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Free Revit Family Standards

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You probably know it. Revit families are a mixed bag. Some are good. Some are dangerous. What they seem to lack most is consistency. Our industry cannot even get the naming of objects consistent.

This is N OT a rant. I just want to remind you that these every-day frustrations cause a big loss of productivity. The lack of consistency is huge hidden cost.

There IS a solution. Fortunately for us all, there are people that have been working on the consistency problem for years. Some groups what to charge you for using their “standard”. Other groups realize that charging for a standard is a good way to limit adoption (and defeat their stated purpose).

This post is about Free Revit Family Standards

Those of you who are “old timers” will remember that Autodesk wrote some guidelines in 2009 – The “Revit Model Content Style Guide”. The document was not great, but it was a start. That standard no longer exists. It went away when SEEK went away.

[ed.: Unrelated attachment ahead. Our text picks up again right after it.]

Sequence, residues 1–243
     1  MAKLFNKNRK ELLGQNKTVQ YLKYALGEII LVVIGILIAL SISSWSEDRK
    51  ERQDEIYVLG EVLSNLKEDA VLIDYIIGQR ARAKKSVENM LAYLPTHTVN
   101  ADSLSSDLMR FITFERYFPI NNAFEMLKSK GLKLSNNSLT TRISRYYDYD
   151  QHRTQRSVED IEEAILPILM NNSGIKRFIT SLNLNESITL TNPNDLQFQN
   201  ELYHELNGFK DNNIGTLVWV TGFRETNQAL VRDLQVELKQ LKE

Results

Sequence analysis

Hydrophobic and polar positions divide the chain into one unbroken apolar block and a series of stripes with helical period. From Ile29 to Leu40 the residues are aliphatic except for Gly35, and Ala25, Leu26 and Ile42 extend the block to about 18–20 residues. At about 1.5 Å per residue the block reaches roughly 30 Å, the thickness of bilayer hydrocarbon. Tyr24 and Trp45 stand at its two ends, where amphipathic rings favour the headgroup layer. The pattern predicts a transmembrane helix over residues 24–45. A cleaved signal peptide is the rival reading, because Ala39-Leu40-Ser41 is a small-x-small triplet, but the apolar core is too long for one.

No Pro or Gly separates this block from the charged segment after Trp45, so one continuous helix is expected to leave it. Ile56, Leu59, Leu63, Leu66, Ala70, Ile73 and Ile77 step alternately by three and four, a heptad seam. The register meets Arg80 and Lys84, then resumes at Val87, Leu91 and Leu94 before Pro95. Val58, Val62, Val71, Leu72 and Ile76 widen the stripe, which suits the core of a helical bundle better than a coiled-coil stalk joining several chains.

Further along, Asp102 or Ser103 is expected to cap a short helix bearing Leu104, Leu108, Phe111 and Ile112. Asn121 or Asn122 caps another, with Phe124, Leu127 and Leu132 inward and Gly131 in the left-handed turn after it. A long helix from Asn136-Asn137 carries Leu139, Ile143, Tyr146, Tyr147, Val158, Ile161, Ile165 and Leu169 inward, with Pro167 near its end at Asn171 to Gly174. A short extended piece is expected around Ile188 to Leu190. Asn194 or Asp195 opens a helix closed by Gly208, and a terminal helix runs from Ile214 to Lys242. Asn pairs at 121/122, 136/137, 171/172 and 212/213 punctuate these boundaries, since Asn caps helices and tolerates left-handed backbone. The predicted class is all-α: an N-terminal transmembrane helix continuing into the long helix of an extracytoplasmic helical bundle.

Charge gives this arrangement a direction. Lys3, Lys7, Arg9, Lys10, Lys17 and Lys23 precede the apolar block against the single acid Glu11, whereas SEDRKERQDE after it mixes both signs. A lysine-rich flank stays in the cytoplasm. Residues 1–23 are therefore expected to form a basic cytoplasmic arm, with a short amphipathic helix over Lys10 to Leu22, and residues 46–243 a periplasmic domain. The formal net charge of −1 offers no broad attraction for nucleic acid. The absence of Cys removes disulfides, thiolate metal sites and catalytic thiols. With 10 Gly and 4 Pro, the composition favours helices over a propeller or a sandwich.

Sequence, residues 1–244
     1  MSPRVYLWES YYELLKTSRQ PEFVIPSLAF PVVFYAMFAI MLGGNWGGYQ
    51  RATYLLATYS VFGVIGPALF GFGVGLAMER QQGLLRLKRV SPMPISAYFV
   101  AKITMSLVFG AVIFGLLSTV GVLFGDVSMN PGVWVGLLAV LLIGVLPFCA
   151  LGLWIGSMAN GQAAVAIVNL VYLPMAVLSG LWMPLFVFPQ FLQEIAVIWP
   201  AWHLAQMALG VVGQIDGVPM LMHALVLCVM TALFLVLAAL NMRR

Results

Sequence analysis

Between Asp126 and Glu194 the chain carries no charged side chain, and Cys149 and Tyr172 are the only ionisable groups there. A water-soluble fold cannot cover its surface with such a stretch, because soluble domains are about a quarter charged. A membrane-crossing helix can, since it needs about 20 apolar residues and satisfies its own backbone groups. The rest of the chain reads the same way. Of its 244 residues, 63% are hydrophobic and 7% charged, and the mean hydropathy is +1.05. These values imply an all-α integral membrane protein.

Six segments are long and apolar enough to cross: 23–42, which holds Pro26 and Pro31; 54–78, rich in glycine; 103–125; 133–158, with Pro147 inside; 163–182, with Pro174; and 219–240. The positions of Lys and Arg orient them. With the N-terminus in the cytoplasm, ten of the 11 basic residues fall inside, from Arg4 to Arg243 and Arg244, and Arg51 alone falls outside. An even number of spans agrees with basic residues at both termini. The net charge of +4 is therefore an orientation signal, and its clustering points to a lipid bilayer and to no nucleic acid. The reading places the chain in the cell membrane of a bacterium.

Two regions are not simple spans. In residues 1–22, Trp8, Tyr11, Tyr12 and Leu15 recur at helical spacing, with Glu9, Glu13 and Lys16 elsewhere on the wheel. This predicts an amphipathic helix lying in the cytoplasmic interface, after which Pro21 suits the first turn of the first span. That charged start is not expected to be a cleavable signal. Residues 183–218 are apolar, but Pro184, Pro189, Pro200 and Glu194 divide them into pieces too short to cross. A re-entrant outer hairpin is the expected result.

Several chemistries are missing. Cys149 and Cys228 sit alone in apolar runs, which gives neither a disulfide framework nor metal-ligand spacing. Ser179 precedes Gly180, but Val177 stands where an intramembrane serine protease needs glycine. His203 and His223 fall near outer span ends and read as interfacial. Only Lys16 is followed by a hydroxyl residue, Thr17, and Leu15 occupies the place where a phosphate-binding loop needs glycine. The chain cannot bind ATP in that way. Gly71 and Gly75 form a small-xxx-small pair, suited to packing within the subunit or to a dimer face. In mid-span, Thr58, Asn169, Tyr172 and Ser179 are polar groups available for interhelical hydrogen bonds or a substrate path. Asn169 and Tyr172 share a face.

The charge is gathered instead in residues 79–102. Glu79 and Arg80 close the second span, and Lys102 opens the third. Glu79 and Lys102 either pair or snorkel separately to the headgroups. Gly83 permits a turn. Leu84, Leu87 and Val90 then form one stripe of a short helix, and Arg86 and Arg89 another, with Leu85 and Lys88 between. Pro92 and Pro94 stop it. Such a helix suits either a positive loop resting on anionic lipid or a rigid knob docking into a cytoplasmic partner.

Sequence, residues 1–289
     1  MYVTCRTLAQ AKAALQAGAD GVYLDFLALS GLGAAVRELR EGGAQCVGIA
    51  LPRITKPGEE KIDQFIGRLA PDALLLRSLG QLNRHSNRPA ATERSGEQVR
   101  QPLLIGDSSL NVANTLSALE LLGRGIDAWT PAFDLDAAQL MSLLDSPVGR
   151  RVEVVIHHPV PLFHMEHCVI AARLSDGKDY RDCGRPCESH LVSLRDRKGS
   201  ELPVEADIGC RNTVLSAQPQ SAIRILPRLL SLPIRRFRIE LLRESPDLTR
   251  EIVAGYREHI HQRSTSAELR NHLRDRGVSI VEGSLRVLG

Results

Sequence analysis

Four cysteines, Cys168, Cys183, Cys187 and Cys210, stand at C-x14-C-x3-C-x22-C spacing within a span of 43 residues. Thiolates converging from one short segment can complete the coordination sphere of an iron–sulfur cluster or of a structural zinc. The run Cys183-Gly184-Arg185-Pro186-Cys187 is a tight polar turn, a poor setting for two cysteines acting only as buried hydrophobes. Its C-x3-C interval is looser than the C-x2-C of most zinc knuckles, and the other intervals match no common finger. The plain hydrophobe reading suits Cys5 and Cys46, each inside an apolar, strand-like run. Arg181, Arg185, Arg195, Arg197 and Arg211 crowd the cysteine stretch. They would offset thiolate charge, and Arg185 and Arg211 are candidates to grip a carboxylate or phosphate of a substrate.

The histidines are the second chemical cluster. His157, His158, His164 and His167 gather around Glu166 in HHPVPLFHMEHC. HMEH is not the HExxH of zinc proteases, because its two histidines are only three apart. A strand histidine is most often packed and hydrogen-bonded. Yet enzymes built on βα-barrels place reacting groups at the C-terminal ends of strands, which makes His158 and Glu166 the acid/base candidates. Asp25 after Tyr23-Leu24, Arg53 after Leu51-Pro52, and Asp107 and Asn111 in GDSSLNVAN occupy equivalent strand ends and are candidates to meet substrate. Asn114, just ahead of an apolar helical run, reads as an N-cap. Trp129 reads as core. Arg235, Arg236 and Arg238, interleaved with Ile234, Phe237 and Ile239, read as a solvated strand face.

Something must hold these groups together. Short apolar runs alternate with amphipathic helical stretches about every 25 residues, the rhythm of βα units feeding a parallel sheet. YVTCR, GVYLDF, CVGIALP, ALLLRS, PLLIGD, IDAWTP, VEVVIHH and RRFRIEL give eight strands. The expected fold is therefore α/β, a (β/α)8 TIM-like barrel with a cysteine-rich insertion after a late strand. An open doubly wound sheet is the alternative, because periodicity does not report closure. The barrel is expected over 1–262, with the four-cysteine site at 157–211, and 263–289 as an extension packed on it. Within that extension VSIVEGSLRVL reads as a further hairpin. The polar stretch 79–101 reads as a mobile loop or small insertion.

The first family standard I want to mention was developed by an industry group. Foodservice Consultants Society International (FCSI) created their own industry-specific standard. I was particularly pleased since foodservice equipment is in the catch-all Revit category of “Specialty Equipment”. The naming standard includes a prefix, so that all foodservice equipment sorts together in the project browser. Parameters are clearly defined, including those for Mechanical, Electrical and Plumbing connectivity. A shared parameter file is available for download. This Revit Family Standard is available here:

The grand-daddy of quality, public standards is ANZRS (Australian and New Zealand Revit Standards). Don't be scared off by the 2012 date – This one is good, in my opinion. It includes checklists, shared parameters and guidelines. You can download it here:

There are over 20 sources of Revit families created by manufacturers. (see Bluebryk: ) These commercial consolidators host BIM content from multiple manufacturers. There is considerable variation and considerable overlap in their offerings. A couple of them have made their internal standards available publicly:

For internal family development, we recommend starting with the ANZRS guide. It is both educational and practical. And, it has been downloaded in over 70 countries across the world. Perhaps it is the closest thing we have to a true Revit Family Standard.

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